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UCI anti-doping helpline goes live next week

UCI President Pat McQuaid at the UCI headquarters in Aigle

UCI President Pat McQuaid at the UCI headquarters in Aigle (Image credit: AFP)

The UCI’s anti-doping hotline has been re-branded as a 'helpline' and is expected to go live by the end of next week. The UCI confirmed to Cyclingnews on Tuesday that the ‘helpline’ was close to completion with the finer details - like what the federation could and would do with any information passed to them - still to be finalised.

The helpline was devised in the aftermath of USADA’s investigation into Lance Armstrong and the US Postal team. The anti-doping agency raised several delicate questions regarding the sport’s governing body and its actions during Armstrong career, with allegations of corruption central to confessions from Tyler Hamilton and Floyd Landis.

Along with the helpline, the UCI set up an independent commission to address the allegations. The report is expected later this year.

“Forget hotline, it’s a helpline,” a UCI spokesperson told Cyclingnews.

“It’s all done technically and we’re doing some tests now to make sure that everything works.

“We’re in the phase of deciding what to do with calls. There’s a lot of protocols to give everything the chance but if you’re a rider and you called the UCI to say this and that, then we have the message in our hands. We have to still decide what to do. Do we give to the police, a special commission, or not. We need to find out if the information is it true or a joke. There’s still work to be done in the second phase.”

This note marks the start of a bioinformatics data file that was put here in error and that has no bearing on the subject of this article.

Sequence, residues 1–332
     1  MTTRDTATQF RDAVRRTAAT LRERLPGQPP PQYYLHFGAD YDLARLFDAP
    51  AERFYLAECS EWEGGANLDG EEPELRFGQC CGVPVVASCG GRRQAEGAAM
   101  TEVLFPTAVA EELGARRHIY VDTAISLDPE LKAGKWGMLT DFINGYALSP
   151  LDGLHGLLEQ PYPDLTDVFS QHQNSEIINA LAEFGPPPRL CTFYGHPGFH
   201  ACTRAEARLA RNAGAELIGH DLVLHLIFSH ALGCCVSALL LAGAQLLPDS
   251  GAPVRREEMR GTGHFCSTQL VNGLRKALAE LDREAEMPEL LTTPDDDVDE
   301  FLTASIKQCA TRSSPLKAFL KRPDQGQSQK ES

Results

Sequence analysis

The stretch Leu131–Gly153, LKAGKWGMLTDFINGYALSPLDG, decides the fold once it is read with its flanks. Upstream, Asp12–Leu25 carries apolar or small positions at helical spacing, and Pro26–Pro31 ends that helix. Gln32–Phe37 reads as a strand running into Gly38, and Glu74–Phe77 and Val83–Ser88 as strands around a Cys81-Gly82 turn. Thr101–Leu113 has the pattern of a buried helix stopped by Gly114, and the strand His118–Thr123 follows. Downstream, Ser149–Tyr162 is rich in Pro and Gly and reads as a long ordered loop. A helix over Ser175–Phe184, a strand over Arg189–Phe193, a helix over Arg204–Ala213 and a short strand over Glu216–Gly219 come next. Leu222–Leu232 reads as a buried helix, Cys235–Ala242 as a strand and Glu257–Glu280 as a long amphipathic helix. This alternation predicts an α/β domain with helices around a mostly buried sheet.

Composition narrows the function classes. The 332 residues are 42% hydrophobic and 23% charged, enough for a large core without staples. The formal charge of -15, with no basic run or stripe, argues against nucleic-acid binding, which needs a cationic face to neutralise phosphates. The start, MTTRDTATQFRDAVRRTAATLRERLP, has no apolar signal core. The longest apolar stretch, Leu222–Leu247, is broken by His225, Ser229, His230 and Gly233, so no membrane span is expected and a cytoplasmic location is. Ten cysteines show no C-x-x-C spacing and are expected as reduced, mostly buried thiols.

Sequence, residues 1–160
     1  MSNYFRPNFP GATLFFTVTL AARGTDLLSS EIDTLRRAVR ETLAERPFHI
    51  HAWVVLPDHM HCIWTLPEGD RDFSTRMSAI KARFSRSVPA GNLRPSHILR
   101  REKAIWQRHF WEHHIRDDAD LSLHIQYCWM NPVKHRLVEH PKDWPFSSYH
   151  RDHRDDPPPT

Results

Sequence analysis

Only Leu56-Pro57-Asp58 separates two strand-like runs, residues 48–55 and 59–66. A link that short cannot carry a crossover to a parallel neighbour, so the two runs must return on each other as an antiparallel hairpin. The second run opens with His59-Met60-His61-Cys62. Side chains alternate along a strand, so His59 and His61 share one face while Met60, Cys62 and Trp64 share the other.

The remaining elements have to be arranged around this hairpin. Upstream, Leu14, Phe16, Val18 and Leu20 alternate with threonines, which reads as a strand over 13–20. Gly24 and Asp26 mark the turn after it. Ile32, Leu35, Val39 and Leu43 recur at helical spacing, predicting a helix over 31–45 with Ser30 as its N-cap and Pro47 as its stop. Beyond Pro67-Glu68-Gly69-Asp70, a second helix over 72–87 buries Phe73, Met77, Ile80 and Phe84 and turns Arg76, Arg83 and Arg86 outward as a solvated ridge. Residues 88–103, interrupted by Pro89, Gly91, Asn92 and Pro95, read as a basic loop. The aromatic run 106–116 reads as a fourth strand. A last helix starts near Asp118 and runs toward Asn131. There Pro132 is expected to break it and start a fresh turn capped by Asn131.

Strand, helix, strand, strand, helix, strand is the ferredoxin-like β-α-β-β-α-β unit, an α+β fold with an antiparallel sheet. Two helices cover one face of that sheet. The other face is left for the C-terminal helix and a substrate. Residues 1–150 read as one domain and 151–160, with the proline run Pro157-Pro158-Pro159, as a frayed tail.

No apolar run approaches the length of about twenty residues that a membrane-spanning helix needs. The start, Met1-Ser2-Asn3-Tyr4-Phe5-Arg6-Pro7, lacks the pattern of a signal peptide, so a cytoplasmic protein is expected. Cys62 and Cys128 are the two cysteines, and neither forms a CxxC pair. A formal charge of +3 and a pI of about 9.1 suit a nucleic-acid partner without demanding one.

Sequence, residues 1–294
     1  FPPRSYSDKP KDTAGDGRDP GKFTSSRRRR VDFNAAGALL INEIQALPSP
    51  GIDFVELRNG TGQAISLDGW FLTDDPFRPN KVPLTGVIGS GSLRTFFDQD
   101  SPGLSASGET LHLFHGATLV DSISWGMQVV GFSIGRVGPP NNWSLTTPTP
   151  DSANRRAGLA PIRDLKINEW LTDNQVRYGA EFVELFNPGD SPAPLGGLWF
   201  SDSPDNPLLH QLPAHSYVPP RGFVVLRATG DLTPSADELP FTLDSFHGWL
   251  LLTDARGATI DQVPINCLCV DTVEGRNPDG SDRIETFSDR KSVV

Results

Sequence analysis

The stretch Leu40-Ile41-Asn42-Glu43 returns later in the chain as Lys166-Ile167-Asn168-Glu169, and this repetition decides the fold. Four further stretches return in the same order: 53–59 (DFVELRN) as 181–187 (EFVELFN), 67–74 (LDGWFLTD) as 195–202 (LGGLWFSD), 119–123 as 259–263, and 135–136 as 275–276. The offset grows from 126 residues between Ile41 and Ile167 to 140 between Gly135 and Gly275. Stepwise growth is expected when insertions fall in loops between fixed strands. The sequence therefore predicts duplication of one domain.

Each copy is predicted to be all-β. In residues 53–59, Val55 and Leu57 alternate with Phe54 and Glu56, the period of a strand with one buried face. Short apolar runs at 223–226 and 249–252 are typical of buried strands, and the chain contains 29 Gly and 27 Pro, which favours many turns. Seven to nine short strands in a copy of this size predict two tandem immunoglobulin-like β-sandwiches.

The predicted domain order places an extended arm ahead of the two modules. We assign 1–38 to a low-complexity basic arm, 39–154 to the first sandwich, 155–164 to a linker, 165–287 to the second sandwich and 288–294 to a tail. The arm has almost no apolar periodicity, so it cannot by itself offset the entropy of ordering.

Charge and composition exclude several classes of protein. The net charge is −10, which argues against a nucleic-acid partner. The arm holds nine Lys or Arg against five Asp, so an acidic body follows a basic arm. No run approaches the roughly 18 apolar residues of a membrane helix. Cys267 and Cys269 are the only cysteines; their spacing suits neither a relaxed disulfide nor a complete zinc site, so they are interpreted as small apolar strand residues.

When the helpline was announced last month, it was criticised by former pro rider Frankie Andreu. The American testified against Armstrong in USADA’s Reasoned Decision but had offered to give the UCI information about doping practices many years ago.

Andreu told Cyclingnews, "The main problem that I have with it is that when McQuaid says people brought information forward to the UCI that they followed up on it. Are they contacting those in the USADA investigations or are they sitting back and just letting the report sit and be what it is?"